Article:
In 1827, Keswick stonemason Joseph Richardson noticed that certain rocks in Britain’s Lake District gave a pure, ringing tone. After 13 years of effort he produced a lithophone, an arrangement of tiered rocks that one struck with mallets, and he took it on a three-year concert tour through Northern England.
It’s not clear what it sounded like: Richardson and his three sons played Mozart, Beethoven, and Handel, reportedly achieving different effects by striking the stones in different ways. An 1846 newspaper account says the tone varied from the warble of a lark to the bass of a funeral bell. Richardson called it “the resource of a shipwrecked Mozart.”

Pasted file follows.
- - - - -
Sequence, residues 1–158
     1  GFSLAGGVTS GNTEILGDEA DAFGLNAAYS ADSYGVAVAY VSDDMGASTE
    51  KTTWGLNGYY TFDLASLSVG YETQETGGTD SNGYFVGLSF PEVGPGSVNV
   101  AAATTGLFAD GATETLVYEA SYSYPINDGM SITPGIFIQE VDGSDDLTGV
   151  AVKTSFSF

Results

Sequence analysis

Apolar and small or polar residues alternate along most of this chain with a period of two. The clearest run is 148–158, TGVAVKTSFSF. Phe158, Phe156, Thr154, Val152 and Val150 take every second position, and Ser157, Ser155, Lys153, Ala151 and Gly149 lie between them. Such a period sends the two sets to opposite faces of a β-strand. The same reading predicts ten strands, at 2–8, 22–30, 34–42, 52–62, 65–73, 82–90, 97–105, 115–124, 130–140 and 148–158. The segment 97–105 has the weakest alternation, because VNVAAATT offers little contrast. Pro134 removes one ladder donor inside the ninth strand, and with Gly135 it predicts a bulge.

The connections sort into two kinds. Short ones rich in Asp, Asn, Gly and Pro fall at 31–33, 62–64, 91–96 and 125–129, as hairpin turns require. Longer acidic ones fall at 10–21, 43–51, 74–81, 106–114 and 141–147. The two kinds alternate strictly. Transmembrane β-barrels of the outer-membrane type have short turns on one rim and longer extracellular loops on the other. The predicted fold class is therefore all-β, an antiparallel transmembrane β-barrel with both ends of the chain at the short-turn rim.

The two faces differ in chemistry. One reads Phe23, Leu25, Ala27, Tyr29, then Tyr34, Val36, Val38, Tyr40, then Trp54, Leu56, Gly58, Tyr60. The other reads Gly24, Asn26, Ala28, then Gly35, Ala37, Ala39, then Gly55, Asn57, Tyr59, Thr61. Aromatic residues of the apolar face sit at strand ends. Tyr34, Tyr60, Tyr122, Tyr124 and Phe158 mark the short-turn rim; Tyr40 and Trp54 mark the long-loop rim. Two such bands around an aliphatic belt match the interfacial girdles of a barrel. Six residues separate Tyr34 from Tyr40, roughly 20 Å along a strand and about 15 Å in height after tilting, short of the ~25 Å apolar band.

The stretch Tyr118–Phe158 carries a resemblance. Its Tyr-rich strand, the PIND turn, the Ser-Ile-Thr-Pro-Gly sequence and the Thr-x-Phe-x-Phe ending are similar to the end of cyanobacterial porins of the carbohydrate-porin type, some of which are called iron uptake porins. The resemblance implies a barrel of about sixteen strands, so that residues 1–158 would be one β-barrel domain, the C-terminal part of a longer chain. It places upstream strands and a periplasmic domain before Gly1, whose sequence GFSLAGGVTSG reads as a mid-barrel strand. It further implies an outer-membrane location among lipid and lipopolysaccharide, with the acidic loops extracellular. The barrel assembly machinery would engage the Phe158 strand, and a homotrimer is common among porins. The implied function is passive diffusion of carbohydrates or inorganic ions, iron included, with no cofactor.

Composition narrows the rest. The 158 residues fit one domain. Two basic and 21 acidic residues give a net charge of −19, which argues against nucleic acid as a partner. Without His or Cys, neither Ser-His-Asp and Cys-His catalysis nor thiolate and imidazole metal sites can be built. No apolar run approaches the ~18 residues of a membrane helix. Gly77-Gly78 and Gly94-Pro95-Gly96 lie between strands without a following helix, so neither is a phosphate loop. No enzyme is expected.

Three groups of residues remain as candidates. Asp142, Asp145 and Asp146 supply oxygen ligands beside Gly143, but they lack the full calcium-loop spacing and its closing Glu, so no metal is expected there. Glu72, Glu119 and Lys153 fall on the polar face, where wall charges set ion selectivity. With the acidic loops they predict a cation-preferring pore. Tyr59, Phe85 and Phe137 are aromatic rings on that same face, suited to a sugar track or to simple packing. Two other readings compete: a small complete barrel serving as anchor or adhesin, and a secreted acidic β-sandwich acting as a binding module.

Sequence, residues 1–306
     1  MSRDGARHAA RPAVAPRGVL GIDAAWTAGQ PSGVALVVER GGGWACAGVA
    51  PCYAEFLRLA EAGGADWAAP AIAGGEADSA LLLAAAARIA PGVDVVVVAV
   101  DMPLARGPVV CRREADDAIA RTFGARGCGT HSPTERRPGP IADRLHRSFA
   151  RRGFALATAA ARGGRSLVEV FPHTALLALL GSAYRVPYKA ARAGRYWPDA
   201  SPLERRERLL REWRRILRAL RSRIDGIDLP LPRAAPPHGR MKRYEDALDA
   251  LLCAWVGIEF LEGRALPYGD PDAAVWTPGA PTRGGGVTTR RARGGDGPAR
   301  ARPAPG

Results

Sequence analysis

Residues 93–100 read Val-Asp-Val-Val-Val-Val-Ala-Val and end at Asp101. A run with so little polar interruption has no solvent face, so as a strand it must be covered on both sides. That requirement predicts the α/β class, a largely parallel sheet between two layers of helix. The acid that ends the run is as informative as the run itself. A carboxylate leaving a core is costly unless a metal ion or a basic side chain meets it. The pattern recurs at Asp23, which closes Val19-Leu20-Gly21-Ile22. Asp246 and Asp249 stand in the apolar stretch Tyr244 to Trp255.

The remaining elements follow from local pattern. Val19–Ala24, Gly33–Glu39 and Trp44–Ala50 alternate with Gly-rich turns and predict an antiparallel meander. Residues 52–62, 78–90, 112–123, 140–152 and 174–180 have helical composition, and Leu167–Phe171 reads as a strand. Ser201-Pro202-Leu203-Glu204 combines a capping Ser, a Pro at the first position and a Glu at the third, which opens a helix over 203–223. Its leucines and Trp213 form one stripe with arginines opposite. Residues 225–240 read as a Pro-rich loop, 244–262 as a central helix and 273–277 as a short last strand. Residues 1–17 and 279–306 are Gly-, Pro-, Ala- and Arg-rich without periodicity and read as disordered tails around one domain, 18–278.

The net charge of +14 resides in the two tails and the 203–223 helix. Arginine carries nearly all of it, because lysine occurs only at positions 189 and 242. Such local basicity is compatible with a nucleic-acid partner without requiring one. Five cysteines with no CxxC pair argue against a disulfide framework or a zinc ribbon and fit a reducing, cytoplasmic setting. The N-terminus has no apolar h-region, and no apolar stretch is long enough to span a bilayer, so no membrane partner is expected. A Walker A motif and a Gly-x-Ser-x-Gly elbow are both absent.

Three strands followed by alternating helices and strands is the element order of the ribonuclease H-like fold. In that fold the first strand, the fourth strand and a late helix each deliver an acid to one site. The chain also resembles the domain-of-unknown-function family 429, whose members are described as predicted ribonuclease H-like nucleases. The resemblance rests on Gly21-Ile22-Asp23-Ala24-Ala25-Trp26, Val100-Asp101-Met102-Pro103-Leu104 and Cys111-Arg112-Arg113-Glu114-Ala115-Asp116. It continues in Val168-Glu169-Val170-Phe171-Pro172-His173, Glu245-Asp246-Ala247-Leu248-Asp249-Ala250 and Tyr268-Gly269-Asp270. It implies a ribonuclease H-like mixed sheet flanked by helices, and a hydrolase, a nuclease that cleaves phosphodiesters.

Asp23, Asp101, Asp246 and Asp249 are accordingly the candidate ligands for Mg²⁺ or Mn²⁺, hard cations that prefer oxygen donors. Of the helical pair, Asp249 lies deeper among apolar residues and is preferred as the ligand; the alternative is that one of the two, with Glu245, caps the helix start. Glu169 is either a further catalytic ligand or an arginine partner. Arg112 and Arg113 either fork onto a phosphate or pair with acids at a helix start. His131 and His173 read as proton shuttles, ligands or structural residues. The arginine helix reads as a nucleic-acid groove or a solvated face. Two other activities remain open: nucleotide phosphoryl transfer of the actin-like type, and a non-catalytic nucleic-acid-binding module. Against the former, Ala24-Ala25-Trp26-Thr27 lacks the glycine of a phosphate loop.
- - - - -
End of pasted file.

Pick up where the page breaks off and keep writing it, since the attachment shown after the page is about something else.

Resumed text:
By 1848 they were performing for the queen and traveling to France, Germany, and Italy. On the eve of a trip to America, though, the youngest son died of pneumonia, and the band retired. Richardson’s great-grandson donated the instrument to a museum in 1917.